Christopher Newfield in the Boston Review:
In his new book, The Walls around Opportunity, Gary Orfield—a leading scholar of civil rights in education—shows that what did work was straightforward legal and budgetary coercion. School districts would no longer be able to file desegregation plans and go home with an A for effort. Civil rights lawyers no longer had to sue each segregated school district one at a time; legislation authorized class-action lawsuits and the withholding of federal funds from any entity that failed to produce measurable progress toward desegregation. Perhaps in part because the United States was a nation created, expanded, and maintained through the use of force, it was force, legal and fiscal, that finally got results—at least for a brief historical moment.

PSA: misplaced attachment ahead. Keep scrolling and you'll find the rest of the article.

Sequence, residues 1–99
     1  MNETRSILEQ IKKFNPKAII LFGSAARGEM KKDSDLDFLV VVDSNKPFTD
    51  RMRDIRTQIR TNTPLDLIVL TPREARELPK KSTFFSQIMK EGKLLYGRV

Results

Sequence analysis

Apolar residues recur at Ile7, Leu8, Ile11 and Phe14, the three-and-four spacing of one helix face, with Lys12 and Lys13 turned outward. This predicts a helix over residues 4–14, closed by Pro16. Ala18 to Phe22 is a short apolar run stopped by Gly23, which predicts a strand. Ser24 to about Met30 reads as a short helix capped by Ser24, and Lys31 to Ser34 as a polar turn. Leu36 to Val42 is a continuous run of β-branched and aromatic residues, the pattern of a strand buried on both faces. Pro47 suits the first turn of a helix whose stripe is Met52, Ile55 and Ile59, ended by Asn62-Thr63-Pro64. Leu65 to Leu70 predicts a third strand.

As education economists Sandy Baum and Michael McPherson demonstrate in Can College Level the Playing Field?, that moment has passed. The authors usefully document yawning gaps in opportunity among economic and racial groups at every stage of life in the United States today, and they make two startling points about any possible remedies.